1Most blog visitors do not comment, so comment numbers don’t equal visits, but comment numbers can be studied over time. One thing of note is that visitors here have more to say about the articles than they do at Orly’s site. While the average article here has about 65 comments, the number there is around 4. Of course Taitz has many times the number of articles that I do.

2The Taitz hit counter first appeared in November of 2011 with an initial value around 22,518,751. Here is a chart roughly showing monthly values over the prior month using historical values from the Wayback Machine:


While her comment totals are tapering off the past few months, her hit counter seems to be trending up.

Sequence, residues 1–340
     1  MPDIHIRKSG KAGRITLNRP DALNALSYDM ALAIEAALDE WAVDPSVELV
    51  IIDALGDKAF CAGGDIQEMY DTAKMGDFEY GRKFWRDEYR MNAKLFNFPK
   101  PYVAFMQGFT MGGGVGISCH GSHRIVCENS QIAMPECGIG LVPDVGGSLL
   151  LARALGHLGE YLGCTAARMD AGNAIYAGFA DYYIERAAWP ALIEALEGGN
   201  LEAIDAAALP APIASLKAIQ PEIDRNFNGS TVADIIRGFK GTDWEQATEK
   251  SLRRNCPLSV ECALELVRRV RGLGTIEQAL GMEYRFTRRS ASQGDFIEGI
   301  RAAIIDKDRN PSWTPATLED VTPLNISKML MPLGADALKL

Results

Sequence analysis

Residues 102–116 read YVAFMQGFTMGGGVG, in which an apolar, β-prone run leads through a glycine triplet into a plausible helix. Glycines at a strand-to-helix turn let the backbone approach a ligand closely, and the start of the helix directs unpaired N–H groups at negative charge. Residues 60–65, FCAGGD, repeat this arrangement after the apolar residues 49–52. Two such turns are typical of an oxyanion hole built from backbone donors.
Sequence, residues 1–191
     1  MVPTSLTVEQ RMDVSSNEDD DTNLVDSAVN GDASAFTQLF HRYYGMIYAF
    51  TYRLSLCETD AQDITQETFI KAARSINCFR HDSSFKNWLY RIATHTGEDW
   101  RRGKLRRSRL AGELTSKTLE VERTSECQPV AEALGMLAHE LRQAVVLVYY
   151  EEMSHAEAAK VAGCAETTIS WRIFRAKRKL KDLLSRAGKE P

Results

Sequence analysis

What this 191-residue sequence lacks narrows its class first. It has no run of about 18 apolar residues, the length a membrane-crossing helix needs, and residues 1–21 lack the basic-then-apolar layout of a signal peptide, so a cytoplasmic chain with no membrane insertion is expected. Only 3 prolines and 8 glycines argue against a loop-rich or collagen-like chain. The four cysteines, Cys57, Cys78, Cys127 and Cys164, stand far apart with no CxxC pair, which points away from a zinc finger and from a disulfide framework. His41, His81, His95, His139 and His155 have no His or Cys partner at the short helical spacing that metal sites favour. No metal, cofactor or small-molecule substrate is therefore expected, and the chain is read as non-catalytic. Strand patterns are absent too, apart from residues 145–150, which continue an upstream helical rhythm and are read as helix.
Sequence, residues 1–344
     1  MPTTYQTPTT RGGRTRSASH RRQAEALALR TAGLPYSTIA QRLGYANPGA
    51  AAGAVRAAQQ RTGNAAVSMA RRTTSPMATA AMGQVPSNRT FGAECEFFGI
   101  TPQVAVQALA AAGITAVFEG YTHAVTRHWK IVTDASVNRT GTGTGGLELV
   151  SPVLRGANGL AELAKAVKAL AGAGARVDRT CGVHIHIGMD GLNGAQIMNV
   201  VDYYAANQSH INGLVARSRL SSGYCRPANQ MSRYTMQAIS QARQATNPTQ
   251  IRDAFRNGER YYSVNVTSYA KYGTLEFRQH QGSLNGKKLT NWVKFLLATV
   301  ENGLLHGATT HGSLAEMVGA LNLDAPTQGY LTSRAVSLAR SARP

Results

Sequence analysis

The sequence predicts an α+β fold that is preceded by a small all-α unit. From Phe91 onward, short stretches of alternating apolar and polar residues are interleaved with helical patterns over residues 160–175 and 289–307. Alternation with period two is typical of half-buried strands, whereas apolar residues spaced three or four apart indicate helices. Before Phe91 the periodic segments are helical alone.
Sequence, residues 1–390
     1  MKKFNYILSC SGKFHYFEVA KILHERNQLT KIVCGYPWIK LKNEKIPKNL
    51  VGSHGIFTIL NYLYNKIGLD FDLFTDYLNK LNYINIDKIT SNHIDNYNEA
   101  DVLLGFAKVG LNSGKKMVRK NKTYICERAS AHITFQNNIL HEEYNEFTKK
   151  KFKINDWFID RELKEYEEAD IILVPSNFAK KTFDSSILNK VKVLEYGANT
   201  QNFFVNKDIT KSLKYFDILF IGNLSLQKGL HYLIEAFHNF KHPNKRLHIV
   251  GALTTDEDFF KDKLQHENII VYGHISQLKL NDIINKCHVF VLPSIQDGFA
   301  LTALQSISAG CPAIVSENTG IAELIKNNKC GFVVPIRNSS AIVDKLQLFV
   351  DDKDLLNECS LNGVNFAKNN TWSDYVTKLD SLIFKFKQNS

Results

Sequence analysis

Studying the birthers

debunking helps

A new report. “Echoes of a Conspiracy: Birthers, Truthers, and the Cultivation of Extremism.” has been published in the January-March edition of the journal Communication Quarterly by university researchers Benjamin R. Warner and Ryan Neville-Shepard studying the effects of the media on belief in conspiracy theories. Two theory types were selected for the study: birthers and truthers (9/11 conspiracy theorists).

In the study, carried out separately for truther beliefs and birther beliefs, subjects were exposed only to the conspiracy theory or the conspiracy theory plus debunking material or just unrelated stuff. Their level of belief was measured before and after. The study tested what we often call the “echo chamber” in comparison to more open competition of ideas. Media included magazine/newspaper reports, videos and blog comments (alas not from here).

The results were, to say the least, surprising.